Phoenix tenants battle bed bugs, say they're stuck with cleaning costs

PHOENIX - Tenants of a central Phoenix apartment complex are fed up with a bed bug problem.

They say the landlord is making them pay to clean it up.

Residents at Pinchot Towers near 32nd Street and Thomas Road say they shouldn't be held responsible.

They say the bed bugs were already there before they moved in.

Now they're throwing out furniture and paying a lot of money to take care of the problem.

“Oh, I had to get rid of half my furniture, because the bed bugs ran me out of my apartment,” said resident Mae Smith.

“They met me here. And you get bites. You know I threw my bed my sofa, I threw everything away,” said resident Nate Boone.

The bed bugs have cost them more than their furniture.

Tenants say they're paying $150 for pest control treatment. They think the landlord should pick up the tab.

“They say we brought the bugs in, which we did not. They were here before we got here,” said Smith.

When Boone's lease is up, he's moving out.

“I'm looking to buy a home right now, and this is devastating,” he said.

But the landlord tells us a different story.

“We're bringing them instructions, we have educated them. What happens is they get stuff from the trash cans and bring it in,” said Anna Contreras, the manager of Pinchot Towers.

Contreras admits there's a bed bug problem.

“We are treating it. We have spent over $7,000 in the past three months for treatment,” she said.

She says every time someone moves in, they do an inspection. She showed us several certificates certified by a pest control company.

“If we do have bed bugs, we don't get this until it's done,” she said.

But the bed bugs are still there. And residents like Venessa Hernandez are tired off the scratching.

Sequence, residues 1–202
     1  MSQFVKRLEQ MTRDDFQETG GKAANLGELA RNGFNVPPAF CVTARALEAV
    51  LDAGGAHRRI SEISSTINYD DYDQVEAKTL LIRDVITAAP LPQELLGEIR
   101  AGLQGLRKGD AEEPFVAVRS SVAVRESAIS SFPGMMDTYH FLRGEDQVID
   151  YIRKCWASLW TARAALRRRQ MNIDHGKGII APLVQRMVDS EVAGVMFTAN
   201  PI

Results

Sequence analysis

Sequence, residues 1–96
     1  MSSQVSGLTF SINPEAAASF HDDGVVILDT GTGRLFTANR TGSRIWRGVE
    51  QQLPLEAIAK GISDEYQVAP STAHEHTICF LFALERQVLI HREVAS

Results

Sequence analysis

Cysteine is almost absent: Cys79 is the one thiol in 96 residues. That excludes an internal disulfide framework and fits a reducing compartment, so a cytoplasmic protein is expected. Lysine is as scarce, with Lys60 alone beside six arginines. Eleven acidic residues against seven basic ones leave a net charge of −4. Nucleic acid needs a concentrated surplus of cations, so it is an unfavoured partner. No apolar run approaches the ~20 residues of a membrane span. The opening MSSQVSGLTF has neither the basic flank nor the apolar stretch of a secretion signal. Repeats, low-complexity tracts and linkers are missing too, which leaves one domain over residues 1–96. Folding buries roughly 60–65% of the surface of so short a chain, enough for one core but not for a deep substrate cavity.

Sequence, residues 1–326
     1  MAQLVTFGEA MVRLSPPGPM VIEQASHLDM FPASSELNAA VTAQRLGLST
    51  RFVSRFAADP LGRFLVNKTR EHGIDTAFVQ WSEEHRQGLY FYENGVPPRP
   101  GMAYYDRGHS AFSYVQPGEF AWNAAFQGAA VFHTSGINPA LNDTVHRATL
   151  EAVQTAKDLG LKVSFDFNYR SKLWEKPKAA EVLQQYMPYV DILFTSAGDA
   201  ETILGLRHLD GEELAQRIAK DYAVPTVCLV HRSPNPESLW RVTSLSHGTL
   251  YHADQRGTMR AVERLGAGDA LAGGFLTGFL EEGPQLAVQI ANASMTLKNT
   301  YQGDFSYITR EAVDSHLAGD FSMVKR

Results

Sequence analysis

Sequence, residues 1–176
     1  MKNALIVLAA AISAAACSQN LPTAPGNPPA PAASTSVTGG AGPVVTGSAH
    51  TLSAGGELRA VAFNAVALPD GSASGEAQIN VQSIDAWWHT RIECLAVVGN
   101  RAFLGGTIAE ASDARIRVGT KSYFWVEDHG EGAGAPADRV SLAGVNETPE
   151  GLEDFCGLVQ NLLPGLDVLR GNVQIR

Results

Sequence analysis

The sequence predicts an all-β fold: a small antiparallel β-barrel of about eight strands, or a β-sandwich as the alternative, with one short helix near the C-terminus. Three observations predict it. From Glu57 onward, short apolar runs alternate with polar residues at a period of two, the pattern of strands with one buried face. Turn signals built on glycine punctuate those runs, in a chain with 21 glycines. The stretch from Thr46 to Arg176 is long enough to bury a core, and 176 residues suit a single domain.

She says the landlord should have given them notices.

“If I can get out of here, I want out of here. This is not good for us nor the kids,” she said.  

How to get help

According to Arizona law, landlords are required to provide education on bed bugs and take preventative pest control measures.

They’re also prohibited from entering into agreement with a tenant when they know the apartment has bed bugs.

Phoenix Neighborhood Services says tenants can give a “five day health and safety notice” to their landlord or property manager.

They recommend you send it through certified mail or hand deliver it with a witness present and keep a copy.

You can also request an inspection from Maricopa County .

After sending a five day notice, if nothing changes, Phoenix Neighborhood Services recommends drafting a letter noting the management “failed to comply" and that you are taking “self management" measures.

Tenants can then pay for a licensed exterminator as long as it doesn't go over $300 or half of their monthly rent.

Phoenix Neighborhood Services notes it’s important to prepare a receipt and deduct it from the next rent payment and then give it to landlord.

Tenants can also terminate residency and seek legal action.

One thing to note—tenants can be held accountable for bringing bed bugs in.

They can be evicted or held liable for paying costs.

It is often hard to prove how and when the bed bugs got in the apartment.

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